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How do I tech out a prospective programmer?

Posted on 2002-07-28
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Last Modified: 2010-05-02
Hi  
I would like to put together a list of about 10 questions for hiring a pretty advanced VB.NET and ADO.NET programmer. I am not very technical. Would have anyone have some questions that I can use? Also a few for SQL as well.
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Question by:Massiel_VB
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Expert Comment

by:Ryan Chong
ID: 7184636
Well, to ask something to prospective programmer? My idea is first, you should do the preliminary studies on VB.Net as well as ADO.Net. They you're find out what is critical in .Net Technologies and Programming techniques.

For the SQL, definitely prepare a single database with some questions, let them generate the SQL statement according to the question itself. Compare the result to see if the SQL generates is correct or not.

<listening..>
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by:johnny6
ID: 7185153
One good idea is to buy a set of Microsoft Certified Solution Developer (MCSD) tests for .NET from www.transcender.com.  Here is a quote from their web site: "Transcender Exams...As Tough As The Real Thing"
Here is the full link for Deluxe MCSD Pak for .NET:
http://www.transcender.com/products/pak.asp?SKU=PFCNT0700
I hope this info helps.


John
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Accepted Solution

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rspahitz earned 80 total points
ID: 7185964
It's always difficult for a non-technical person to find technical expertise.  This is true in any field.

One place to start is technical references.  Ask these people to let you talk to those who have worked with them.  Find out what types of projects were performed, and their scope.

Since you won't be able to understand the technical aspects, you should ask more generic questions in the same way you would, for example, interview a construction company to build you a house.  How many projects have they done?  What was the scope (size) of those projects?  What sort of problems did they encounter and how did they handle them?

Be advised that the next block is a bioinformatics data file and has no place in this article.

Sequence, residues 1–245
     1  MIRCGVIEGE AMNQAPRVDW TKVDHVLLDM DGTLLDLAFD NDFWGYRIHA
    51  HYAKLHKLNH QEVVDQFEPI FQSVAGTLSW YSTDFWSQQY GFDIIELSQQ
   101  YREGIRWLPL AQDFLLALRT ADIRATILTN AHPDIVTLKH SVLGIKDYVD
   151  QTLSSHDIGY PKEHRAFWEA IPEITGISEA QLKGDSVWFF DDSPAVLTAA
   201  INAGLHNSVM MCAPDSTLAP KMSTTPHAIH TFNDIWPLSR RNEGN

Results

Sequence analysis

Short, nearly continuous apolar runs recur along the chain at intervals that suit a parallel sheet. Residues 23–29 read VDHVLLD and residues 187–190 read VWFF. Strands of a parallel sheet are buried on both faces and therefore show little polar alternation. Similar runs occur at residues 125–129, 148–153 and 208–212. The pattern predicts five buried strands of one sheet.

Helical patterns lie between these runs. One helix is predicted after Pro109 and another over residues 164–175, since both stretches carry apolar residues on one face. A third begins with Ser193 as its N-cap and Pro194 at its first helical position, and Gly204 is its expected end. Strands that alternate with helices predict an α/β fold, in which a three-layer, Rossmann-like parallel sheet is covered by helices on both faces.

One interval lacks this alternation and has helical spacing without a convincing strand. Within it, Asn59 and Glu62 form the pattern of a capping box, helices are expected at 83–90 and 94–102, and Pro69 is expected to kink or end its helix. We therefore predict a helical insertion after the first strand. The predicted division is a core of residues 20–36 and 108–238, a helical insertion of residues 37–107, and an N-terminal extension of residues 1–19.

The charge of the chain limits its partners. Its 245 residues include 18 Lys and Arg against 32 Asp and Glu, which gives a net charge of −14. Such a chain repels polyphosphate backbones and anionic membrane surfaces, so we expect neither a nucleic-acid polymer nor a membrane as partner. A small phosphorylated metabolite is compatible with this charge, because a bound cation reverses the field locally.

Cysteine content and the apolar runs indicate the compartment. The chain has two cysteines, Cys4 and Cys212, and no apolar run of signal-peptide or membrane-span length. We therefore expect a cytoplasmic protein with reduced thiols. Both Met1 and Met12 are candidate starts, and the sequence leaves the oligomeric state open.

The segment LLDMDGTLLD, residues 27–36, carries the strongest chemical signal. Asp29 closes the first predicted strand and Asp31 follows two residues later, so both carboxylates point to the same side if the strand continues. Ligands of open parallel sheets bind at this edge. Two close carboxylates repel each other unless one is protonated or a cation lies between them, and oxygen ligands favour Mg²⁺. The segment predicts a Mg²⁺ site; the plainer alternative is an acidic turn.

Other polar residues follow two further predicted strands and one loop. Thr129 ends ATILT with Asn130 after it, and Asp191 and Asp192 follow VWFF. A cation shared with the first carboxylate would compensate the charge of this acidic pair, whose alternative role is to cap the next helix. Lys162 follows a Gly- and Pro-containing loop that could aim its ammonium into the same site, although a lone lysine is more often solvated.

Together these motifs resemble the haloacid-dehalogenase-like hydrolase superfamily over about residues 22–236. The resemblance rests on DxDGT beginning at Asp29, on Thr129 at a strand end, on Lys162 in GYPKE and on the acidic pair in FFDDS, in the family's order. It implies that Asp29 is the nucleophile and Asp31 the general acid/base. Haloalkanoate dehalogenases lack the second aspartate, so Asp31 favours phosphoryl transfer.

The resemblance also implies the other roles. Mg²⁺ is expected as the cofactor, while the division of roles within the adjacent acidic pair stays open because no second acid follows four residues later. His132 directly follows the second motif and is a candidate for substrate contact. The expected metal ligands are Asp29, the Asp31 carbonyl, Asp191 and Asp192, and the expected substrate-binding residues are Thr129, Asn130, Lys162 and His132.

--
Specific to VB, vb.net is very close to Java in the way it's organized.  Ask if they've ever done Java.  Also ask them to explain the object-oriented model and see if they understand the concepts of encapsulation (self-contained), inheritance (get info from "parents"), and polymorphism (can change).  Make sure they can explain the difference between properties (things about an object), methods (things an object can do) and events (things that can happen to an object.)

Ask them how long they've worked with .net.  If they tell you more than 2 years, they're probably lying.  How long have they been programming in VB?  What other languages are they familiar with?  On what platforms have they programmed?

--
For ADO, start with definition of ADO: ActiveX Data Object.  How experienced are you with building database tables?  When designing a name & address table(s) what would you consider:

1) Names in foreign markets can be complex.
2) Addresses are often obscure, especially in foreign markets
3) If US-only, the state listing should be in a separate lookup table rather than hard-coded so that validation can be performed.
4) For a larger database, it's worthwhile to even place cities into a separate table.  How would you organize the address table if it has links to cities and states?  (Answer all you need is a city ID, which would in turn get the state.)  This could also apply to a country table for foreign markets.
5) Where would you put the phone number?  Old answer: as a field in the address table.  New answer: as a separate table with a "phone type" table to indicate home phone, alternate home phone, personal/cell phone, pager, car phone (future), PDA, etc.  Home phones are attached to the address whereas cellphones are attached to the person.  i.e. multiple people can share a home phone number but one one person (usually) has a cell phone number.
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Expert Comment

by:rspahitz
ID: 7186297
Thanks for the "A".

I'd love for you to give us a follow-up comment and let us know what was useful and what additional things you learned during the interview process... :)
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